Sunday, July 08, 2007

the novel as cannibal

From a review of a book on Bakhtin:
...the novel, that mongrelised genre which--unlike epic, pastoral or tragedy--is entirely without rules, and which in Bakhtin's eyes is less a definable form than a deconstructive force. The novel lives purely in its dialogic modes, cannibalising and parodying them. It is a maverick anti-genre, deviantand non-canonical, a secular scripture which shows up all discourse as partial and provisional.
I once audited a course in the theory of the novel--Bakhtin was on the reading list, and I don't remember anything as interesting as this. Obviously, I needed Terry Eagleton (the reviewer) to explain it to me.
In the excavation of my office, I have reached the layer wherein my unfinished novel (the one I abandoned to write the ghost novel) lies, dismembered, its skeleton flattened by the weight of years and notebooks. Shall I brush the accumulated dust away and retrieve it from its burial place? Maybe.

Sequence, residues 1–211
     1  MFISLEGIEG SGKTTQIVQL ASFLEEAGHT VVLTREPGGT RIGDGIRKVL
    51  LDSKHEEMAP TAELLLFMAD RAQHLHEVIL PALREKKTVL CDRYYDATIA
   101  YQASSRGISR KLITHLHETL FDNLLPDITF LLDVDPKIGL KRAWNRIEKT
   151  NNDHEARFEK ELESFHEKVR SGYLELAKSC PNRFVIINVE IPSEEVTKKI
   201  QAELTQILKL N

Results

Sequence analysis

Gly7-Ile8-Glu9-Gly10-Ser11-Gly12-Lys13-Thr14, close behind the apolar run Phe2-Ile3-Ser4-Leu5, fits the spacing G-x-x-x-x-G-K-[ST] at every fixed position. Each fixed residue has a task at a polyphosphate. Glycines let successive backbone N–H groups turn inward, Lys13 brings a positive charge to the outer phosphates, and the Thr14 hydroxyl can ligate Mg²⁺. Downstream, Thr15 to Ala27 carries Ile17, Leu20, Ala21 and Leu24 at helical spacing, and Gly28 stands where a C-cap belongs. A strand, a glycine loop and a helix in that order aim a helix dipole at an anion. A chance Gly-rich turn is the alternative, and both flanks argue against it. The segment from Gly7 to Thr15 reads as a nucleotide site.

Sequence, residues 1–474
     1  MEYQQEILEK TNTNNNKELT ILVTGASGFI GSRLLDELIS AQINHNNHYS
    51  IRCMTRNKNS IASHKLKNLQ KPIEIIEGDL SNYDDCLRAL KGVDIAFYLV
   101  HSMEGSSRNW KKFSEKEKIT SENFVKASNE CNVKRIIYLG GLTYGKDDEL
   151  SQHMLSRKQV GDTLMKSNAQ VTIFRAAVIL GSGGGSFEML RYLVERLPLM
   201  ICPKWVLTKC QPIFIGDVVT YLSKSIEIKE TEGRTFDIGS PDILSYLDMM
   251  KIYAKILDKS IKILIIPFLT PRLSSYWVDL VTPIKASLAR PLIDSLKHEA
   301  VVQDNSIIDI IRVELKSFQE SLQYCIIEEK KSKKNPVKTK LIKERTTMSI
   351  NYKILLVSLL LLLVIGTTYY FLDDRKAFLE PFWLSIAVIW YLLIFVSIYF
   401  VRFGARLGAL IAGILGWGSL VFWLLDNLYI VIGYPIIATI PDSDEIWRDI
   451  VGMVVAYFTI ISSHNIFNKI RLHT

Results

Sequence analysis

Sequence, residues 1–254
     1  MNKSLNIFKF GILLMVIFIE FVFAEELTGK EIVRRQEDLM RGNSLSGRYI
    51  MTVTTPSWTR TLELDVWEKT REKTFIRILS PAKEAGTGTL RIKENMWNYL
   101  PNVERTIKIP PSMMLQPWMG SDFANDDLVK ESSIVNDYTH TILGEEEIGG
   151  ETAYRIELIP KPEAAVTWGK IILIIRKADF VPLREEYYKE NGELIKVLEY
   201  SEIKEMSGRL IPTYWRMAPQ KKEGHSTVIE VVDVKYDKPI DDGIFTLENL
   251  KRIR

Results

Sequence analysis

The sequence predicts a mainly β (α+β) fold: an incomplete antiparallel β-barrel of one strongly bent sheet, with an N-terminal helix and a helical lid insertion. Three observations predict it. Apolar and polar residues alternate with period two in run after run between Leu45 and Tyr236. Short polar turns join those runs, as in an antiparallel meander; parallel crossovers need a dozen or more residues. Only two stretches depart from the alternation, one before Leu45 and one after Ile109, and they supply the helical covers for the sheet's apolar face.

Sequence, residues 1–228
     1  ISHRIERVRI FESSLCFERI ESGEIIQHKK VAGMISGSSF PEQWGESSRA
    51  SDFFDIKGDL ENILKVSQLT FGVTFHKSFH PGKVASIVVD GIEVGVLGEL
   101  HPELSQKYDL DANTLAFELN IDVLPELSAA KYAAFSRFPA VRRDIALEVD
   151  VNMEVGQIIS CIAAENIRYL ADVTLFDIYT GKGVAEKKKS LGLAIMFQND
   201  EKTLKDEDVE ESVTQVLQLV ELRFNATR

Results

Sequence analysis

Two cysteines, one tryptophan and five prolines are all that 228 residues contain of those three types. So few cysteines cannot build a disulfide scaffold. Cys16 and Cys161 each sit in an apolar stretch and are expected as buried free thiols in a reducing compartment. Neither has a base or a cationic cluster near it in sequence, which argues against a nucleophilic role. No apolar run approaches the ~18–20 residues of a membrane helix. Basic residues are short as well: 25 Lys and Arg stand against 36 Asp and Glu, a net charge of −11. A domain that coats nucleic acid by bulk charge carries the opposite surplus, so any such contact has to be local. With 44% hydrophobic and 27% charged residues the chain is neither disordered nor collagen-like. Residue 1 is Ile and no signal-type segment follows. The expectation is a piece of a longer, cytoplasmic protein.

Blogger Annie Wicking and Loman Austen said...

Great let us all know how you get on with it.

Best wishes,


7/08/2007 2:41 PM  
Blogger erieblue said...

I think Bahktin wishes the novel was an outlaw. But no such thing.

7/09/2007 12:27 PM  
Anonymous Sue (coffeepot) said...

Dead outlaws tell no tales.

Your writing is very interesting. I hope it is revived.

8/26/2007 6:09 PM  
Blogger Jade Park said...

novel as anti-genre....


interesting--because i do find i have to throw a lot of "rules" out the door when i'm writing my novel, versus writing my short stories.

10/13/2007 8:05 PM  

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